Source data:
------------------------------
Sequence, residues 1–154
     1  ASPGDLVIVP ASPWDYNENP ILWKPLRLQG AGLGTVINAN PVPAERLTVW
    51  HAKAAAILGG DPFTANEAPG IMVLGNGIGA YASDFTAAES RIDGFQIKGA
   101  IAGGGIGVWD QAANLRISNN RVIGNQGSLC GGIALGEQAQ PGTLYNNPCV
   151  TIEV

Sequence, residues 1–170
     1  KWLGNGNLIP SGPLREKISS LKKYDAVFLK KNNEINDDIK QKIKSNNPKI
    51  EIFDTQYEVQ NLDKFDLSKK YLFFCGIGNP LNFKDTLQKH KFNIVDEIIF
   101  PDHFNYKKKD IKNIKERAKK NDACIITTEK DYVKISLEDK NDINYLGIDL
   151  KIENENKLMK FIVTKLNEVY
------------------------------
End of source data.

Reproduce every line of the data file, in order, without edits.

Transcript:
Sequence, residues 1–154
     1  ASPGDLVIVP ASPWDYNENP ILWKPLRLQG AGLGTVINAN PVPAERLTVW
    51  HAKAAAILGG DPFTANEAPG IMVLGNGIGA YASDFTAAES RIDGFQIKGA
   101  IAGGGIGVWD QAANLRISNN RVIGNQGSLC GGIALGEQAQ PGTLYNNPCV
   151  TIEV

Sequence, residues 1–170
     1  KWLGNGNLIP SGPLREKISS LKKYDAVFLK KNNEINDDIK QKIKSNNPKI
    51  EIFDTQYEVQ NLDKFDLSKK YLFFCGIGNP LNFKDTLQKH KFNIVDEIIF
   101  PDHFNYKKKD IKNIKERAKK NDACIITTEK DYVKISLEDK NDINYLGIDL
   151  KIENENKLMK FIVTKLNEVY